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archaeology

28 June

What is one looking for in these cases, anyway? One could find an object lesson, an unexpected symbol, but one is unlikely to find what it all meant; it is a void, then, and scholarship a waste of time? Perhaps. One little thing, this fixation on an object, whether worthy or no; wisdom and understanding […]

capital

capital

Lustral Basins, or the Archaeology of Remembrance

We stood in the sun, which was sharp and swimmingly white, though not quite directly overhead. The only thing brighter than the sunlight was the dust, which swirled and eddied low around our feet, stirred by the rare breezes. The olive trees and other low, scrubby plants were soaked in this dust, and seemed nearly […]

The Topless Towers of Ilium

Archaeologists are a fiesty bunch. Take, for instance, this argument about Troy. How many people, really, would exchange insults about the size of ancient Troy? How big was Troy, really? Huge? Perhaps. Just the citadel? Maybe. Can we say? Depends about what era you’re talking about, I suppose. Like most cities, what once was Troy […]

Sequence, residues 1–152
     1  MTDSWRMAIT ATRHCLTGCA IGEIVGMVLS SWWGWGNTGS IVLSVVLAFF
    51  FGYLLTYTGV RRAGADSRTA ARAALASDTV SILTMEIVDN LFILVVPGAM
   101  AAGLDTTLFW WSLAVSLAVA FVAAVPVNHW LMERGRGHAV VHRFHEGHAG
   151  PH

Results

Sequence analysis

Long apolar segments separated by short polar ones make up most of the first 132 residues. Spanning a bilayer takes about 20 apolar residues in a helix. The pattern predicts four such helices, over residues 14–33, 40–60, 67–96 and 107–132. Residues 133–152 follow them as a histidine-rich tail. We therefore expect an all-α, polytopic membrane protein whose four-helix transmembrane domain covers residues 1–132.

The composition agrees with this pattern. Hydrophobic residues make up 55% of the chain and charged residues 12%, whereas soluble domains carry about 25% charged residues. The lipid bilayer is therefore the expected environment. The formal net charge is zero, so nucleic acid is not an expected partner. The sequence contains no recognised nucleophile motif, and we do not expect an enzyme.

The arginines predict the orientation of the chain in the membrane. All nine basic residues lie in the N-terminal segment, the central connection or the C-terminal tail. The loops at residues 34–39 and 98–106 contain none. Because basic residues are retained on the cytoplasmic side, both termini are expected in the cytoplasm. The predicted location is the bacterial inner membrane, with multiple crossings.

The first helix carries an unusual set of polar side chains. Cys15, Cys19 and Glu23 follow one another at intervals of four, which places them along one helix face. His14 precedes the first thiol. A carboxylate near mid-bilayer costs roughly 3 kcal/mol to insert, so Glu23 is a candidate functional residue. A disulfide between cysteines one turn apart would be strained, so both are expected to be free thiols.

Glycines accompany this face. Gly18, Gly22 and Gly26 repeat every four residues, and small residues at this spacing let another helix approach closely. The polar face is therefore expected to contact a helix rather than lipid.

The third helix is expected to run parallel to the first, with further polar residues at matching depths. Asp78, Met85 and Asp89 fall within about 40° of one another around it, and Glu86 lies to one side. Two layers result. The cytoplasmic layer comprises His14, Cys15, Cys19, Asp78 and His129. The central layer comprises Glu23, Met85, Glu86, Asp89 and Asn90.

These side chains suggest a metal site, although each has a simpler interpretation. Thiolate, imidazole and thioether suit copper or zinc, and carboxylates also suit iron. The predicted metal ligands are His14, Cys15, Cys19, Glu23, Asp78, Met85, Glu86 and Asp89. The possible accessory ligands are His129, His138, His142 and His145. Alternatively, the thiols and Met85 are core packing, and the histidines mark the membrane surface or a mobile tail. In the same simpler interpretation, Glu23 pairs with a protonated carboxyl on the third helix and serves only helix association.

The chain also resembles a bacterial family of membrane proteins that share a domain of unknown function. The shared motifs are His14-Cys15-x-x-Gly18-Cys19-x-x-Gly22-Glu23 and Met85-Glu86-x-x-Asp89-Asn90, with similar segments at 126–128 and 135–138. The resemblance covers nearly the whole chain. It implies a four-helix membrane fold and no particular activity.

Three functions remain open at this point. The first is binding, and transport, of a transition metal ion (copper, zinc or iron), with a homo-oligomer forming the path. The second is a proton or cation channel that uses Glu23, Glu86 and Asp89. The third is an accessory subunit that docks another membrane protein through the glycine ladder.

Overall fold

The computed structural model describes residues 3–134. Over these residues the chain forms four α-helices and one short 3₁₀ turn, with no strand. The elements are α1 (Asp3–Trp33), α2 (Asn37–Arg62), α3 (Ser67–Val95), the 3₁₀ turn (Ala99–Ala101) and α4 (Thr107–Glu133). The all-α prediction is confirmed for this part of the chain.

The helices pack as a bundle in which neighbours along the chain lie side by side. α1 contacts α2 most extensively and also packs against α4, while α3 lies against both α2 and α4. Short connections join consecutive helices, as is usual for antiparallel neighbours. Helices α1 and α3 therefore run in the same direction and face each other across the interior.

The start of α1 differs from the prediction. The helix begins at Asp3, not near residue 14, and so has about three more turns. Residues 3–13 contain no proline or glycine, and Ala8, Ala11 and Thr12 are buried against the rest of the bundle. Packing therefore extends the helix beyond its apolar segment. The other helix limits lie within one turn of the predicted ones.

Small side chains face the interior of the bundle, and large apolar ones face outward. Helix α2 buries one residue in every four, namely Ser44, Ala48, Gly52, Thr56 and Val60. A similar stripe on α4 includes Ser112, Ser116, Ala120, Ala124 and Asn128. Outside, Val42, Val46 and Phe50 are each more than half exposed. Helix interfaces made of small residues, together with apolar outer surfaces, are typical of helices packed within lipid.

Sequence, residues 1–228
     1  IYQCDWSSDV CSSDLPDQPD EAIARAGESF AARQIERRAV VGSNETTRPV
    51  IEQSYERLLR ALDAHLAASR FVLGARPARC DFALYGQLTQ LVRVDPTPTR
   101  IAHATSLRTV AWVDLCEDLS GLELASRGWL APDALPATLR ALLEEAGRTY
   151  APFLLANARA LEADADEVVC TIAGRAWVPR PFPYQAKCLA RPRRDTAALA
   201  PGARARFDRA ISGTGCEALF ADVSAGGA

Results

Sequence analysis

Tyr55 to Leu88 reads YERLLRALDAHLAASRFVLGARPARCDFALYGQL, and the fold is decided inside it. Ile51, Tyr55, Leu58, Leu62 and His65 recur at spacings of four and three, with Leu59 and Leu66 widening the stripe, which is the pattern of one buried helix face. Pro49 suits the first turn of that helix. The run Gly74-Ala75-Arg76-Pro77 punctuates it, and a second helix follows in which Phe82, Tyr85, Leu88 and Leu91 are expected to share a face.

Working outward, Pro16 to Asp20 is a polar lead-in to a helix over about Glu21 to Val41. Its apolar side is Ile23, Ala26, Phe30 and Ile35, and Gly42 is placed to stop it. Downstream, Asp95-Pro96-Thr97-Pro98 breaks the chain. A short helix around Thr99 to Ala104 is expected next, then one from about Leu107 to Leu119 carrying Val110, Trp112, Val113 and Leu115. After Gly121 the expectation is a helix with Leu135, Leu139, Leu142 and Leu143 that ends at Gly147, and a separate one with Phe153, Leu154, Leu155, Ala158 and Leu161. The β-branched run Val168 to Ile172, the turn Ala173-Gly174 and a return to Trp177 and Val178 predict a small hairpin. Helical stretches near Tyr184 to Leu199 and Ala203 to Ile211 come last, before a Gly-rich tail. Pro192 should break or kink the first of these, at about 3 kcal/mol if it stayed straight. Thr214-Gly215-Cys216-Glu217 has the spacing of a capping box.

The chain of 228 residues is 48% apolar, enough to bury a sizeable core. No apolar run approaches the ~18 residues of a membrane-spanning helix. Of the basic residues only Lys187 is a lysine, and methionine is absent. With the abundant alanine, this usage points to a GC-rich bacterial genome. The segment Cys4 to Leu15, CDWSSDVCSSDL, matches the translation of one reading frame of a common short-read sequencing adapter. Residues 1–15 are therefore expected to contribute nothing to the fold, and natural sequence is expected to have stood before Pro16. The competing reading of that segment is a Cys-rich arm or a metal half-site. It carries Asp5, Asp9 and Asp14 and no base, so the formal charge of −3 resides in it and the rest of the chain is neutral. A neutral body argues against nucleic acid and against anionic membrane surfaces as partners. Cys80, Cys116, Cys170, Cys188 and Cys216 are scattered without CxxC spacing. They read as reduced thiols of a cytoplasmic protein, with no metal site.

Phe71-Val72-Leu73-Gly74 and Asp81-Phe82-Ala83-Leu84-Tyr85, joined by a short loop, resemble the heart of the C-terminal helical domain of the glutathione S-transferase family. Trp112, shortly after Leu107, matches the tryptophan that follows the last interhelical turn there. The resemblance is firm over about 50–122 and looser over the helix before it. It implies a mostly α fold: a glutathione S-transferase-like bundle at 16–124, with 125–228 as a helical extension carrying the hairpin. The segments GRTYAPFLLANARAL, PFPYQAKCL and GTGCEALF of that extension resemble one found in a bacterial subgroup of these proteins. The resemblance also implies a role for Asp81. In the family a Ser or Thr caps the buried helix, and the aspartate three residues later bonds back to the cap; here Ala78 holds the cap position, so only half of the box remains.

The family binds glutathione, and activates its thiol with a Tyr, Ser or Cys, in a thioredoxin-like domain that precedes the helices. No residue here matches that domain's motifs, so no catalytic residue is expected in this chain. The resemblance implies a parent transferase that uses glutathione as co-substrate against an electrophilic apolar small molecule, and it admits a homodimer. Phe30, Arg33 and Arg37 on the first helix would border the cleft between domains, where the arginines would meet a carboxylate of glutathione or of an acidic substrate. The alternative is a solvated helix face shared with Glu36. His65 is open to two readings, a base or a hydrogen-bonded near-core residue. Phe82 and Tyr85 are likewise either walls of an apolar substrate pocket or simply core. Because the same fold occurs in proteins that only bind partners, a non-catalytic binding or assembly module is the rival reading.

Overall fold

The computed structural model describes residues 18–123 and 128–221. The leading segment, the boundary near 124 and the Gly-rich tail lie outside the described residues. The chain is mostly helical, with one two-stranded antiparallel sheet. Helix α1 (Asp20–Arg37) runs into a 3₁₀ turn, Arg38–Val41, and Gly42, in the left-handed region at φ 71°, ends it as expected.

Lavatory

Palace of Nestor, Pylos, July 2001

Loot

Such dim-conceived glories of the brain Bring round the heart an undescribable feud; So do these wonders a most dizzy pain, That mingles Grecian grandeur with the rude Wasting of old Time—with a billowy main— A sun—a shadow of a magnitude. – John Keats (‘On Seeing the Elgin Marbles’) Allow me to sound heartless for […]

of doubtful origin

The hipster (who aspires to archeologist street-cred because she worked one summer at Petra) was talking about a scandal involving the Met Museum, a fracas she had heard about while working as a law clerk in New York. An eccentric gentleman had, it seems, written a book pointing out that many of the ancient artifacts in said museum ‘have no provenience’ and that the trustees, curators, & co. were, if not actually hushing the matter up, at least not proclaiming this ‘truth’ in large letters on billboards for the edification of the public…

Citation (42)

derring-do among the philologists

added too freely

In his ‘History of Ancient Art,’ of which the first edition appeared in 1764, Winckelmann gave to the study of the antique an impulse along a line which it has never wholly deserted; his theory of the ‘beautiful’ as manifested even in these Græco-Roman copies to which his imagination often added too freely the missing […]

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